Our findings on the security of pregnant women in MWHs concur with studies in Zambia and Ghana where women were concerned with medical safety, transportation to the hospital and security7, 27, 32. In Ghana, the location of the MWH was far from the hospital and pregnant women were rarely monitored by nurses. This caused transportation problems when labour started, especially during the night33. Similarly, in our study, women in labour have to walk to the hospital on their own despite having guards available. This is especially problematic at night; clients use a phone as a source of light along the poorly lit footpath. This is inconsistent with the WHO’s  recommendations that MWHs should have health providers to initiate the transfer of pregnant women to the hospital, and in the case where there is limited staff, guards should be present during the night to assist pregnant women as they are referred to the hospital7.

However, the WHO’s recommendations  state that this kind of arrangement only overcomes geographical barriers and pregnant women still have a risk on childbirth problems7.Based on the WHO’s MWH recommendation, our findings indicate that the practice in Malawi still minimises a woman’s access to assisted delivery by skilled labour. Furthermore, the WHO states that there should be an alarm system, transportation arrangements and communication between the MWHs and the hospital to ensure that referral to the hospital is on time and efficient7. Our findings show that the recommendation of efficient and timely referral was not met and pregnant women still encounter challenges in accessing skilled birth care, despite admission in the MWH.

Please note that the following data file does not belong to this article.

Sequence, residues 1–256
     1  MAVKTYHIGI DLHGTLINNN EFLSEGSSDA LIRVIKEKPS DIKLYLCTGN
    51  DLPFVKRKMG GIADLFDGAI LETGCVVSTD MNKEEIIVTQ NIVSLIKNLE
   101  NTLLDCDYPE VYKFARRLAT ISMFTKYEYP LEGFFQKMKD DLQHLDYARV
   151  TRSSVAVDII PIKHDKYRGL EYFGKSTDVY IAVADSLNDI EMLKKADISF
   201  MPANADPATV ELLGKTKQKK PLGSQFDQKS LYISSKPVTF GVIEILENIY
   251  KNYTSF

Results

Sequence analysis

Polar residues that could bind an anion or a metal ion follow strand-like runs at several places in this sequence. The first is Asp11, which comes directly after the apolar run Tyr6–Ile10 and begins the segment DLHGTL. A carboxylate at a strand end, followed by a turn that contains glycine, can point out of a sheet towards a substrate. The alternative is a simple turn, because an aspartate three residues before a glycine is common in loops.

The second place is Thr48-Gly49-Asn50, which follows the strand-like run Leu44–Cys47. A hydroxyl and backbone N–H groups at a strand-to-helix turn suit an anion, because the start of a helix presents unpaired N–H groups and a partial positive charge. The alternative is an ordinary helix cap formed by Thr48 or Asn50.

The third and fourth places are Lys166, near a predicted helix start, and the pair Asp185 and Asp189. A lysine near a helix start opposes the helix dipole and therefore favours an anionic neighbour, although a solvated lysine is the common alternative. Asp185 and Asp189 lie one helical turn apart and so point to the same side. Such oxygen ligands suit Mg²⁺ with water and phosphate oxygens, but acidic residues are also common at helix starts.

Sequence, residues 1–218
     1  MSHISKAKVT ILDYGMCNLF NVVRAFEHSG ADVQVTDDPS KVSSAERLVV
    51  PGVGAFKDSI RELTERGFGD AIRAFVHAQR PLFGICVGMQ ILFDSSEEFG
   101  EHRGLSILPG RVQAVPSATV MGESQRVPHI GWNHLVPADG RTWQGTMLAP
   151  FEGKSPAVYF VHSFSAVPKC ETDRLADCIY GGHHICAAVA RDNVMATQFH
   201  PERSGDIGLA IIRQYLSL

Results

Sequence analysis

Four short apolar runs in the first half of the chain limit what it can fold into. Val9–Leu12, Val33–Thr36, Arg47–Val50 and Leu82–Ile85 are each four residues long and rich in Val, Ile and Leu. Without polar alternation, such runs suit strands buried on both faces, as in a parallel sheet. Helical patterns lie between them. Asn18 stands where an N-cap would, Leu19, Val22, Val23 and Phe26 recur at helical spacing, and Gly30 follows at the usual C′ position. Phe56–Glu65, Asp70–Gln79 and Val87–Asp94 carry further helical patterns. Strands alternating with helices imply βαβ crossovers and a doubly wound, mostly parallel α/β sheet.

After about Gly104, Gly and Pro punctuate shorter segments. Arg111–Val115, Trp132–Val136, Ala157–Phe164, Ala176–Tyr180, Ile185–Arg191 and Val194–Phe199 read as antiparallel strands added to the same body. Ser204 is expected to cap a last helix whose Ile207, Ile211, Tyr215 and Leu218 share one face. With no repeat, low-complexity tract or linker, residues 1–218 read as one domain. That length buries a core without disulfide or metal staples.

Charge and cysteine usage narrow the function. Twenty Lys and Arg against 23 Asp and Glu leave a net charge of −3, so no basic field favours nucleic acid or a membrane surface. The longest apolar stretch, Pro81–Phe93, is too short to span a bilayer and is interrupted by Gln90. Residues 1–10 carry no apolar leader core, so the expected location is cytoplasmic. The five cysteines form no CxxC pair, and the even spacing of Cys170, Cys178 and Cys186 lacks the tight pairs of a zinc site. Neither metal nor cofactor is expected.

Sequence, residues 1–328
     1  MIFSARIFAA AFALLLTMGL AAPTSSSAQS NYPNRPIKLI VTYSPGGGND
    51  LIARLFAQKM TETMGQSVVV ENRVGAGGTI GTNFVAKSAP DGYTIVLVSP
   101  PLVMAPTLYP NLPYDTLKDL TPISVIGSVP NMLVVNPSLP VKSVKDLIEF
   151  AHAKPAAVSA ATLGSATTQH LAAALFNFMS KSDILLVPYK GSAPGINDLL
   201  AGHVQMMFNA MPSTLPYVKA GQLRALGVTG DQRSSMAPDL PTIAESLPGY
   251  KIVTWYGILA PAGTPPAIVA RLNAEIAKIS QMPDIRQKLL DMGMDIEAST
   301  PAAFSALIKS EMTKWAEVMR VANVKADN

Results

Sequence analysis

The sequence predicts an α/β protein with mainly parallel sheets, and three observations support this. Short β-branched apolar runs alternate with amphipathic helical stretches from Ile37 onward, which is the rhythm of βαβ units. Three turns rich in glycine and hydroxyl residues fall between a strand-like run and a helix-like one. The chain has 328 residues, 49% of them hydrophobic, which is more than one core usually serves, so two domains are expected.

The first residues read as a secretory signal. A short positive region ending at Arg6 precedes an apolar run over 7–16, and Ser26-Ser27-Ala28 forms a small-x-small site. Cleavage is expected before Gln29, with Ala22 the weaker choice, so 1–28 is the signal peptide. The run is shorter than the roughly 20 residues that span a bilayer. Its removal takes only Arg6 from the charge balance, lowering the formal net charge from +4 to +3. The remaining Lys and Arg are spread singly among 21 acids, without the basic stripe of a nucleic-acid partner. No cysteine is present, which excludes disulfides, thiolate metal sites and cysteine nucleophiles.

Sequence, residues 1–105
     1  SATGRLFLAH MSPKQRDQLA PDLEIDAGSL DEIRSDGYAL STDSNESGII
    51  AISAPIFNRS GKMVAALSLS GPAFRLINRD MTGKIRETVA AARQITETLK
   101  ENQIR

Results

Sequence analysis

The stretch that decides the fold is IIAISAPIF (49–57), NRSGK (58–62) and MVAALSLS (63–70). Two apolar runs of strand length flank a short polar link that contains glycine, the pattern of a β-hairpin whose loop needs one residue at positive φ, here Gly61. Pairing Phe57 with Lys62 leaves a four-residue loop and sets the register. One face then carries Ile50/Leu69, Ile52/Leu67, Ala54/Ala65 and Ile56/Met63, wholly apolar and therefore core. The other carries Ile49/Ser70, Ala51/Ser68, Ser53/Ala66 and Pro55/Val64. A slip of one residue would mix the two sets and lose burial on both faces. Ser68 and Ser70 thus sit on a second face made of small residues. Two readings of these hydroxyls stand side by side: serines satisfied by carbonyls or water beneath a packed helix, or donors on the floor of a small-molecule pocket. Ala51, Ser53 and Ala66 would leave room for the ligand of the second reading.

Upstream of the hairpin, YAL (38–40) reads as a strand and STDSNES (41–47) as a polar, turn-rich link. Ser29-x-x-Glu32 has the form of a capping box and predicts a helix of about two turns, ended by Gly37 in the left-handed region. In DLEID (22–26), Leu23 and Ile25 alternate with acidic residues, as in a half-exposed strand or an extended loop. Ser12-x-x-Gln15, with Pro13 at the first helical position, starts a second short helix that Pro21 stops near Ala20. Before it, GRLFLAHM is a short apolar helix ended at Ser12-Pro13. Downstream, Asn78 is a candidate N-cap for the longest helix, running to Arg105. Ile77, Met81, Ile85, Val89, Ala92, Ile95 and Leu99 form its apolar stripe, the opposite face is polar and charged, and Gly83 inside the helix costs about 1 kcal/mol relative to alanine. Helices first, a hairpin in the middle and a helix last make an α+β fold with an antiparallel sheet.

Our study showed that in some instances, MWHs are not fully utilized and this resonates with the study findings in Guatemalan MWHs where pregnant women were admitted to the MWH to create space in the labour ward, not due to eligibility as per WHO admission protocol26. On the contrary, MWHs in Lesotho, Cuba and Cambodia make full use of the MWHs by accommodating the most needed categories of pregnant women who meet the admission criteria to the MWHs10, 11, 34. Nevertheless, MWHs should accommodate other pregnant women, as there is a potential for a pregnancy to turn into a high risk pregnancy, with a priority placed on women with actual risk factors7. The use of the postnatal ward as a MWH may be expressed as a failure to take advantage of the available MWHs7. Another reason that could partially explain the use of postnatal ward for the purpose of MWH could be staff shortages. This is evident in the review of MWHs experience by WHO in 1996, which indicated that Malawian postnatal wards, guardian shelters and antenatal wards were used to accommodate high risk pregnant women7.In addition, the findings suggest that health facilities are not accommodating to the formal MWHs. Therefore, there is a need for guidelines to instruct health workers and more workforces to fully adopt the MWHs and use the wards for their intended purposes. The guidelines may also guide health workers on the services that are to be offered in the MWHs to improve the quality of care in the MWH.

Study Limitations